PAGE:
Categories: Cornwall

Local school children celebrate together at the new look Trenance Play Park

Cornwall Council News feed - Tue, 06/21/2016 - 14:15

Excited youngsters have been enjoying the fantastic new Trenance Play Park in Newquay since it reopened  last Friday with a launch event. To announce the opening school children from three local schools, took part in a ribbon-cutting ceremony, with help from Cllr Geoff Brown. The Mayor of Newquay, Cllr Carl Leadbetter, was at the event and gave a speech.

The gates to the play park were then opened and approximately 60 school children from Newquay Junior Academy, Trenance Learning Academy, and The Bishops Church of England enjoyed playing together on the exciting new equipment. Representatives from the local community, Newquay Town Council, Cornwall Council, Cormac and Earth Wrights Play Designers also went along to this official opening.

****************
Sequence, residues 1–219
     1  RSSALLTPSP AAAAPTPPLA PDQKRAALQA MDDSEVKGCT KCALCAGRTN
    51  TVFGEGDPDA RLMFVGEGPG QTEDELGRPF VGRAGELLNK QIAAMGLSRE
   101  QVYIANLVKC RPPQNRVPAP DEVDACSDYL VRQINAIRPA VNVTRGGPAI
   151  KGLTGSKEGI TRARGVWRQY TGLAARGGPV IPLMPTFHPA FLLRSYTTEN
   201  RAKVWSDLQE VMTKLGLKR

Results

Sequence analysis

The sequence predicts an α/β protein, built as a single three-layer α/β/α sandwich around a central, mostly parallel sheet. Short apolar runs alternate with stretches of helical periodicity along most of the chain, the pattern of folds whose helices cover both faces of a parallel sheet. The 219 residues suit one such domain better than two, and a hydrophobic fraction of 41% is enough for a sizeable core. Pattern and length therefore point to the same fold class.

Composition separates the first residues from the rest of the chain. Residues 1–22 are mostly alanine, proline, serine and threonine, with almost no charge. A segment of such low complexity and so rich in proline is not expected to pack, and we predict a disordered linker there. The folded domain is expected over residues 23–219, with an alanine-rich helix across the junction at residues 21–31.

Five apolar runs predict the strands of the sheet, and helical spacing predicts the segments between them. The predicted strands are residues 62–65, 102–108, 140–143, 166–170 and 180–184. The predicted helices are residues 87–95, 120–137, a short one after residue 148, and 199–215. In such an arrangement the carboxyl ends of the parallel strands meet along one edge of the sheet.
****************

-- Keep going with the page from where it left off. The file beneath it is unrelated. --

The delivery of the new Trenance Play Park has been a collaboration between Cornwall Council’s Environment Service, CORMAC, and the main contractor and designer ‘Earth Wrights’. Works to transform the park started in April. The new design features a bespoke wooden adventure trail; which includes play features such as a play tower, tunnels, scramble nets, tightrope, zip wire, swings and climbing logs.

Local father Keiron Le Mar together with the Friends of Trenance Park community group worked with Cllr Geoff Brown to initiate the project to improve the existing play area, where the equipment was old and in need of replacement. Plans to improve the park were also first discussed at length with the Newquay Resident Association. To decide what the park would look like, the local community were invited to choose from three different designs, and voted online for this exciting new design, completely transforming the play experience.